But, as these new buildings fill up, the landlords of the older properties will look for new ways to attract new tenants. That means better lease rates, better long-term options, some needed renovations and possibly repurposing of some of the older commercial spaces.

“They have created an opportunity to invite some new businesses downtown,” says Shewchuk. “New businesses will look at downtown and see it as a viable option.”

Shewchuk believes that new types of businesses, whose owners realize they don’t need main-street frontage, can thrive on floors of these older office buildings. Fitness clubs, daycares and medical offices could replace the law firms, energy companies and accounting services.

“The real question is: Who is worried? The market dictated that we needed new buildings. We’re transitioning from Big Little City to Little Big City.”


The issue of rising vacancies was tackled by the Downtown Business Association (DBA) in the fall of 2016 when it hosted a talk by University of Alberta student Satish Narayanan, who presented his research on cities that have successfully transformed vacant older office towers into residential and mixed-usage spaces. He talked about a vacant office building in Amsterdam that was converted into a mixed-use building with student dorms and a four-star hotel in the same building. The students staying in the dorm subsidized their costs of living by working at the hotel.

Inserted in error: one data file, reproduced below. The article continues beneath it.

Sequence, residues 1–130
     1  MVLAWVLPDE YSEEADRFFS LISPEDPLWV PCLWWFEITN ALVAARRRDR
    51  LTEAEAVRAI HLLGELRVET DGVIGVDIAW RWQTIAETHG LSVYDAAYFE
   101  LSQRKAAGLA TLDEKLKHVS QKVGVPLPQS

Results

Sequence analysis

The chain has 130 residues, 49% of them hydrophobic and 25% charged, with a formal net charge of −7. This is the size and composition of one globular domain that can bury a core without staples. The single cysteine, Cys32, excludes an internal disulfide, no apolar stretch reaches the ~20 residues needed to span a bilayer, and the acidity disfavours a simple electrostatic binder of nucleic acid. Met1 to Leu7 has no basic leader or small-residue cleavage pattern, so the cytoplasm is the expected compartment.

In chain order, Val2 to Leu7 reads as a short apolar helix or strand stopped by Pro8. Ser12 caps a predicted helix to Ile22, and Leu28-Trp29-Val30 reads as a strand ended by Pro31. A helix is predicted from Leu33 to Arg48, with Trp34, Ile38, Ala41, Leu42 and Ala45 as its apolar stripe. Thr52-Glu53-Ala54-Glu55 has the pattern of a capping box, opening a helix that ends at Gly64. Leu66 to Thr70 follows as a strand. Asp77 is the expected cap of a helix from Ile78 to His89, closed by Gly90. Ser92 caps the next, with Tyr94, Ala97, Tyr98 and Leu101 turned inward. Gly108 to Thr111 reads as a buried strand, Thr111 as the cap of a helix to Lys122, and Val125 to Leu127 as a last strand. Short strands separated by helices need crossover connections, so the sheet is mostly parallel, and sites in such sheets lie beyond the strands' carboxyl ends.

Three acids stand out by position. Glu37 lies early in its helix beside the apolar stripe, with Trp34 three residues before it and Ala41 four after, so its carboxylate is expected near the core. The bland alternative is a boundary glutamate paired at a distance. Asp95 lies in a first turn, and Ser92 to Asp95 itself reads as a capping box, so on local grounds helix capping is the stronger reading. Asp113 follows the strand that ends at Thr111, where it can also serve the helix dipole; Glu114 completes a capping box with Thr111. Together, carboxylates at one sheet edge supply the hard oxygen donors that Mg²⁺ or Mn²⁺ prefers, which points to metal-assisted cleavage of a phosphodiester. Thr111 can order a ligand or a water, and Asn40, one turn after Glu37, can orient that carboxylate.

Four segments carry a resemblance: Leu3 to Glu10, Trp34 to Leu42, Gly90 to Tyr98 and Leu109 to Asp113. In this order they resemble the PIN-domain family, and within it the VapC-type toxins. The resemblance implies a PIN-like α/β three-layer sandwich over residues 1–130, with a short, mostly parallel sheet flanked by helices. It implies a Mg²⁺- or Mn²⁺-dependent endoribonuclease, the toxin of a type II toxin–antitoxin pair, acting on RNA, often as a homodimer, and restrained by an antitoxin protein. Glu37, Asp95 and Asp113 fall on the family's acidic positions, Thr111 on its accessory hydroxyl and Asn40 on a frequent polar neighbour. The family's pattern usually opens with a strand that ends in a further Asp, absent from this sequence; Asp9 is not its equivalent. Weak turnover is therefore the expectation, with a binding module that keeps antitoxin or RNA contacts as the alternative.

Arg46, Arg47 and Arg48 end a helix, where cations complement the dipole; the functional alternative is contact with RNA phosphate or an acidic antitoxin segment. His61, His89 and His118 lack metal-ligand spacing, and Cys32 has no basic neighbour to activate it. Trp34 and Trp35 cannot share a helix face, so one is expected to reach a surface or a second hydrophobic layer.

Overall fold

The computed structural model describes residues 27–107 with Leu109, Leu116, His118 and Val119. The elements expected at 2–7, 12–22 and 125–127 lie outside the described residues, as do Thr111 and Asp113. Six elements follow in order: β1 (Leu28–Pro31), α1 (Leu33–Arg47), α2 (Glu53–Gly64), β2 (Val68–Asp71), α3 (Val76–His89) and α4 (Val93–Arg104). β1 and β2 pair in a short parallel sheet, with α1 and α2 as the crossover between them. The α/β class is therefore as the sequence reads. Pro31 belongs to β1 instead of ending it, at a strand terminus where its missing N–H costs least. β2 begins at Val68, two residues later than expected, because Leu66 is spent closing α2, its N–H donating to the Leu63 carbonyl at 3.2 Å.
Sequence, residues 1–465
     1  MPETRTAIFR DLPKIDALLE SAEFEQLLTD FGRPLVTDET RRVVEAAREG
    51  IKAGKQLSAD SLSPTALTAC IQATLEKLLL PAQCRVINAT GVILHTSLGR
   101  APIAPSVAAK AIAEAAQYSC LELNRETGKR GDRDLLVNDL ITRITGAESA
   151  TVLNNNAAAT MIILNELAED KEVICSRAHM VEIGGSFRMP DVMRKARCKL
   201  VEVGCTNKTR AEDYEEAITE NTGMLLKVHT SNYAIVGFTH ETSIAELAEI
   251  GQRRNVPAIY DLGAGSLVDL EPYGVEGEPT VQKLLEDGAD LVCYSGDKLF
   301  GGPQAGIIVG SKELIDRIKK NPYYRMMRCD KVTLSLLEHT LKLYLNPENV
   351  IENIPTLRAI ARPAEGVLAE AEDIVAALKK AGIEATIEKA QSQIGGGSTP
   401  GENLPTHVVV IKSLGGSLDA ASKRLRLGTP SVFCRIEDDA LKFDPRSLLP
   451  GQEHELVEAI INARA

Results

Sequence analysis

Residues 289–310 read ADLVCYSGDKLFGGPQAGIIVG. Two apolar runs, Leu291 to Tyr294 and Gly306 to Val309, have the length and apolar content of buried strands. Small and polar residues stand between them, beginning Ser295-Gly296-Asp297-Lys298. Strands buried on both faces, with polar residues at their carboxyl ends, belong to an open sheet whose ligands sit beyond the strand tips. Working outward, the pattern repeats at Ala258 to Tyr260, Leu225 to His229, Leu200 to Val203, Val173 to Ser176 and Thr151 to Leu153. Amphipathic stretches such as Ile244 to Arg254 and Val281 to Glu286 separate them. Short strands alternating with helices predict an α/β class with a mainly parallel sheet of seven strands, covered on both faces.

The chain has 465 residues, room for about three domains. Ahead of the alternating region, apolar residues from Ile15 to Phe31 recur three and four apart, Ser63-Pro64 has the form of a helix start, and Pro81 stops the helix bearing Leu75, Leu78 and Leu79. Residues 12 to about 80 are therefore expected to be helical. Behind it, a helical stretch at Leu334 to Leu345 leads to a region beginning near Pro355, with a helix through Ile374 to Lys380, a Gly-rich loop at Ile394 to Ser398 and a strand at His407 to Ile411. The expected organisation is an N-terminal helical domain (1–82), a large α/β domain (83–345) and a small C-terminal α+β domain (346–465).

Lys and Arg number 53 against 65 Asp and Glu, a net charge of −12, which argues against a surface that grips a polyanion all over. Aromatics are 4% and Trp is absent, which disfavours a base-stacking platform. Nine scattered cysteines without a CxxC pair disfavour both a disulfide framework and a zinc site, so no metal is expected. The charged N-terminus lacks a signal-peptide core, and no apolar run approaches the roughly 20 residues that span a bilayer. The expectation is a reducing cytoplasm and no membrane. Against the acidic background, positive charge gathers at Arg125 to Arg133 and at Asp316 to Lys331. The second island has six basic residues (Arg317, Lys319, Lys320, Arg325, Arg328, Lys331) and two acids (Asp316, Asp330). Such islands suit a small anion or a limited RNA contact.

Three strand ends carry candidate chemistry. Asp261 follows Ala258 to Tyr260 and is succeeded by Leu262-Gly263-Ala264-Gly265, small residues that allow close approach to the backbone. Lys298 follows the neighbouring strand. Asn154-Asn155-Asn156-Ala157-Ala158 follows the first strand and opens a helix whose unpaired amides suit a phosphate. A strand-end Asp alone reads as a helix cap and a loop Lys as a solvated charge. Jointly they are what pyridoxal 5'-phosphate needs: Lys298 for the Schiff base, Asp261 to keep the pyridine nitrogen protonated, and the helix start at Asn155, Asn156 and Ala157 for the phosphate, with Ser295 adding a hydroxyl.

Jim Taylor, DBA’s head in 2016, said he understands that some of Edmonton’s office towers would be difficult to convert, so there is a need to bring new tenants to these buildings when the old tenants move to the gleaming new towers.

“It’s converting out-of-towners to downtown,” says Taylor. “I think the most modern of the office towers would be the hardest to convert, just because of their structure and size. Those might be the buildings where we encourage young firms to come downtown and move into.”


As a whole, we’re obsessed with height. Many of us can name the tallest buildings in the world. Even a person who’s never been to New York City knows about the Empire State Building. Same goes for Toronto and the CN Tower. The Burj Khalifa in Dubai is a modern wonder.

So, no matter if we’re building upwards because of pride or density, tall buildings like Stantec and Alldritt have certainly stirred up the passions of Edmontonians – both positively and negatively. When it came to council in April, Alldritt passed by a narrow 7-5 vote. Mayor Don Iveson cast a nay vote. When asked about it, Kennedy gives a wry smile and simply says, “it’s election season.”

Kennedy says the 36-storey Pearl, the condo tower which looms over Oliver, was transformative for Edmonton, and he expects the downtown projects to do the same.

“What I’m interested in about being an architect in Edmonton right now is I think Edmontonians have started to say ‘what’s possible?’ They’ve stopped worrying about some of the issues that some of the other bigger cities are long past concerned about.”

Kennedy thinks that Edmonton has been “insecure about height” for a long time, and that projects like Alldritt tower are “game changers.”